Lisa Abramowicz is a Bloomberg Gadfly columnist covering the debt markets. She has written about debt markets for Bloomberg News since 2010.

Pimco has had a uniquely challenging few years.

In the past three years, the $1.5 trillion asset manager has lost about $500 billion of its assets and fired its star bond-fund manager, Bill Gross. Now it is reducing its staff by up to 3 percent, with its top executives saying in a memo, “The competitive demands of this industry require that we continually adapt and innovate to meet evolving client needs."

While Pimco faces some specific challenges, its latest move highlights a seismic shift among big investment firms globally. Active managers are under fire from investors who are scrutinizing whether human judgment is any better than broader indexed strategies and often conclude it’s not.

"If you’re an active manager with problems, people are punishing you much more than they used to," said Russ Kinnel, director of mutual fund research at Chicago-based Morningstar. "We’re seeing more firms of all sizes under pressure. Even if things are going well, you may have a hard time keeping assets."

The result has been that headcount at big asset managers has leveled off and is starting to shrink, with the number of employees at big investment firms worldwide falling in the first quarter and poised to decline further in the future.

Leveling Overhead
Employee headcount at large investment management companies has essentially plateaued
Source: Bloomberg Intelligence

Managed assets are plateauing at the same time. 

Asset Accumulation
Sum of average managed assets for large investment management companies
Source: Bloomberg Intelligence

This is pretty unusual because big investment managers are cutting staff at a relatively benign time in the market. As a whole, the firms are not hemorrhaging assets. They're not experiencing broad-based persistent declines in stock or riskier bond holdings the way they did during the 2000 and 2008 downturns.

And investors have a ton of money to invest. It's just going elsewhere, namely to cheap index-tracking funds such as ETFs. 

Indeed, last year was a record year for ETFs, which attracted more than $350 billion in new assets globally, according to Greenwich Associates. But even a firm like BlackRock, which is a leader in the ETF industry, has trimmed staff. These passive funds don't pay a lot by way of fees, which is sort of the point.

ETF Explosion
ETFs, which usually track indexes, are accumulating a growing share of investor assets
Source: Investment Company Institute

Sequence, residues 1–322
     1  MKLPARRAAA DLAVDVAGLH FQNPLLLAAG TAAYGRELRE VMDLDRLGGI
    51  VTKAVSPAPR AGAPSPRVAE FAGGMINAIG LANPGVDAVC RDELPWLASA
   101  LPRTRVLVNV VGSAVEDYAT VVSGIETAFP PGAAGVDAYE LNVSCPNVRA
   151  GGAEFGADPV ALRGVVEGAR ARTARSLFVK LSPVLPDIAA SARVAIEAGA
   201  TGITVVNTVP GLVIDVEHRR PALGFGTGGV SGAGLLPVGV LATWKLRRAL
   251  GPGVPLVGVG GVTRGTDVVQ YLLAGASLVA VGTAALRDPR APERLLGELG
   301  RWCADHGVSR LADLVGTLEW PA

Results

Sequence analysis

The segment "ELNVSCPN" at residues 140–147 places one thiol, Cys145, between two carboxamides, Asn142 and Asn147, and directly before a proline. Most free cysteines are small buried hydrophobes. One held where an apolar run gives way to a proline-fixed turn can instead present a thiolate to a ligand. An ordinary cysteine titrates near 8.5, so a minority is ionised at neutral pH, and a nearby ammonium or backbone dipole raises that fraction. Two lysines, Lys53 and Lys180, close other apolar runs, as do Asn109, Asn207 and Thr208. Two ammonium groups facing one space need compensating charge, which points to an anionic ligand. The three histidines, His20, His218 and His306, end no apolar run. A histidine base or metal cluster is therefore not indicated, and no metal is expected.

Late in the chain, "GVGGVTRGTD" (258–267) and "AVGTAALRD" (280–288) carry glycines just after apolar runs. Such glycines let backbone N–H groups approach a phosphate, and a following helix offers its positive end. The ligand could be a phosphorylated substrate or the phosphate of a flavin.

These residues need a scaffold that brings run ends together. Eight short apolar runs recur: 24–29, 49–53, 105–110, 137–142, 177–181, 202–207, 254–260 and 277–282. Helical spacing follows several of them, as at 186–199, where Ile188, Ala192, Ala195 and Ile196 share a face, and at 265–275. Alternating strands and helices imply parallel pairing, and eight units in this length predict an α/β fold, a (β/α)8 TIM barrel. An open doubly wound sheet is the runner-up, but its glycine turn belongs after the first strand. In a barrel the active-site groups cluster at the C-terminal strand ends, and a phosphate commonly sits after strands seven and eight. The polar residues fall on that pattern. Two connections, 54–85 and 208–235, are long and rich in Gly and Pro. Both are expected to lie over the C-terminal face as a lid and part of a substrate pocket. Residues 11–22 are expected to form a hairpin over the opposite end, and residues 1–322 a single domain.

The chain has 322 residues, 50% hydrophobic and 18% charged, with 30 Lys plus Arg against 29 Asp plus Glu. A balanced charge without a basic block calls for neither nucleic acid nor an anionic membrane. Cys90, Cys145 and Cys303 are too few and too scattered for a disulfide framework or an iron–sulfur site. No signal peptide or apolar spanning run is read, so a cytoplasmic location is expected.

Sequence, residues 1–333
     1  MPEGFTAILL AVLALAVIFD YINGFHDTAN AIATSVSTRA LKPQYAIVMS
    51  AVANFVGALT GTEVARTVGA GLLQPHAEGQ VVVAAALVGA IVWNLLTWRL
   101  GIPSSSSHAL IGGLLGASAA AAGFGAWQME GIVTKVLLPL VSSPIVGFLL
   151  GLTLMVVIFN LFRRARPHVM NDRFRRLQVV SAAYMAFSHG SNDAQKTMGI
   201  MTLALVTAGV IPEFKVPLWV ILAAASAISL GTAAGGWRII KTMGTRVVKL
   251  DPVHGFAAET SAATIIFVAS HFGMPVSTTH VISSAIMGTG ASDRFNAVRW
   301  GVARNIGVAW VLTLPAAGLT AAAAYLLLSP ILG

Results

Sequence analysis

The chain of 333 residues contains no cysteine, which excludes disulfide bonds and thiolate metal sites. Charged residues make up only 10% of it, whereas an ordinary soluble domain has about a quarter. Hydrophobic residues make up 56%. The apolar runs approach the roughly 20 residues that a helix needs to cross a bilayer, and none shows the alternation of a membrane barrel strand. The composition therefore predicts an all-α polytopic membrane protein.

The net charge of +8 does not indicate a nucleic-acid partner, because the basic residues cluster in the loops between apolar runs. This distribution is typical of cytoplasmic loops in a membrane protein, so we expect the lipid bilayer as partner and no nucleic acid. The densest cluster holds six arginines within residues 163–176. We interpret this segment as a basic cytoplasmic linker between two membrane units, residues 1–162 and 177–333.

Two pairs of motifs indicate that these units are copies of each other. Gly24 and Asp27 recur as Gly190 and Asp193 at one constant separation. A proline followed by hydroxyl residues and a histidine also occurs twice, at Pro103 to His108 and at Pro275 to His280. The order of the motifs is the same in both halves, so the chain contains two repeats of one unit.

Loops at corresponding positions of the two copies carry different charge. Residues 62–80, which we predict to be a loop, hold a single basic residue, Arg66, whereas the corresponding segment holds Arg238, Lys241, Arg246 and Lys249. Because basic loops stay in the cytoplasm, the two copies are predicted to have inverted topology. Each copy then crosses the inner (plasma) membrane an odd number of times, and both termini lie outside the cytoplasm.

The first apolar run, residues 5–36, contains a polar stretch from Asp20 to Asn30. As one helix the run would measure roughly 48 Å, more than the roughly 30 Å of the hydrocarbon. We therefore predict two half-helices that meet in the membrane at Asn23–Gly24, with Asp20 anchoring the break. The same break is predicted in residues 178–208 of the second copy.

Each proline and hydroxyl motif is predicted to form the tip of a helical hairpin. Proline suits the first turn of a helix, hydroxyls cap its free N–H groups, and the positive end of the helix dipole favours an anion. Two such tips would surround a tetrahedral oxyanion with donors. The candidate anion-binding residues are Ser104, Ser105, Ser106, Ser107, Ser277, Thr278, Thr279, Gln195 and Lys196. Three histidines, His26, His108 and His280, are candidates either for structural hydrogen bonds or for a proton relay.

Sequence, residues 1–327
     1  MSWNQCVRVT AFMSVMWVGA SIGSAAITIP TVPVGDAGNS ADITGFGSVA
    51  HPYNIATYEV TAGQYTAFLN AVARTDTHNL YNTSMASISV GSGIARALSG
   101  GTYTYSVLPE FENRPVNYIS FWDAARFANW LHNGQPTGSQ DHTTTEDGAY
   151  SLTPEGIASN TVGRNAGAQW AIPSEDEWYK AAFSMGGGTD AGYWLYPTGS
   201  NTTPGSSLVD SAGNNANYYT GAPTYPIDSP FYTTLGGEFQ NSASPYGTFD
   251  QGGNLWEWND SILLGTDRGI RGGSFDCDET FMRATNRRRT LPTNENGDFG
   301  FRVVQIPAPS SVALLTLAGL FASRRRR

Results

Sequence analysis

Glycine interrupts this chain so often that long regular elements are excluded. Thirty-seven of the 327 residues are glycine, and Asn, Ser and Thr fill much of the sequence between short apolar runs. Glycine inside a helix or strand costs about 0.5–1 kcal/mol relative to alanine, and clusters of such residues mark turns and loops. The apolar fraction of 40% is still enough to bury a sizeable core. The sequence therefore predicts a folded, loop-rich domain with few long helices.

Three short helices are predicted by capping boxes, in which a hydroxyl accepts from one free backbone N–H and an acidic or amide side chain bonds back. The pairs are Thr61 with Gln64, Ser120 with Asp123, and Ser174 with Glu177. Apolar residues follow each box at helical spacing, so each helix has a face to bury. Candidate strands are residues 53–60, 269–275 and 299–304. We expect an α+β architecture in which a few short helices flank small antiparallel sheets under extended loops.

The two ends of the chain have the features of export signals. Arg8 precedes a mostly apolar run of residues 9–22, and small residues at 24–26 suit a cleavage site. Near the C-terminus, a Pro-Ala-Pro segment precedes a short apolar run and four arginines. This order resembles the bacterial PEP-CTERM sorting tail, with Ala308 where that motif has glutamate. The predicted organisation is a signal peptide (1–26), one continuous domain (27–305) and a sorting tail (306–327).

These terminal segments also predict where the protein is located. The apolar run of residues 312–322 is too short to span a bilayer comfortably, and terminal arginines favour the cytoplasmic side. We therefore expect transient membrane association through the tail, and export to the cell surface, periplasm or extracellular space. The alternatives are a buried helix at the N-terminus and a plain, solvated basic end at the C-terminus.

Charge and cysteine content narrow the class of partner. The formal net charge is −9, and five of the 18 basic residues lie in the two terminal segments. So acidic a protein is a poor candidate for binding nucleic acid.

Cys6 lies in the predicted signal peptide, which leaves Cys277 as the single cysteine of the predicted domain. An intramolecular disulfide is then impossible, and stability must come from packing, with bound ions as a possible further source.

Investors are losing patience with the promise of human stock and bond picking after active funds repeatedly underperformed passive ones. Intermediate-term bond funds, for example, have gained an average of 4.3 percent so far in 2016 compared with a 4.8 percent gain for the Barclays U.S. Aggregate Index, Morningstar data show. Junk-bond funds have had an annualized return of 2.2 percent in the past three years, compared with a 3.3 percent annual gain for the Bank of America Merrill Lynch U.S. High Yield Index.

 AllianceBernstein's chief executive, Peter Kraus, blamed this underperformance in part on the size of asset managers, which he said had become too big for their own good. Earlier this month, he said active investment managers might have to shrink by as much as one-third, or $10 trillion, if they want to beat industry benchmarks.

Meanwhile fees are dropping rapidly, especially as it becomes harder to deliver reliable returns because of extraordinarily low bond yields globally. There's less return to go around when global sovereign-bond yields are an average 1.1 percent, compared with an average 2.4 percent over the past decade, according to Bloomberg data.

Higher fees can easily make the difference between underperforming or outperforming.

This backdrop isn't going away. ETFs will continue to dominate the landscape, and fees will continue to shrink. Vanguard Group, which has led the charge into cheap index-tracking strategies, said this week that it was prepared to lower fees even more. 

“I don’t know what the theoretical number is,” said Bill McNabb, Vanguard's CEO, whose firm employs about 15,000 people. “Revenue will have to come from somewhere. You’ve got to pay people to do things.”

During the next downturn, staff at active managers will probably shrink even more. There is an important role for human judgment, but it will most likely come in a much smaller, more specific form than the behemoth investing malls of yore.

-- Rani Molla assisted with charts 

This column does not necessarily reflect the opinion of Bloomberg LP and its owners.

To contact the author of this story:
Lisa Abramowicz in New York at

To contact the editor responsible for this story:
Daniel Niemi at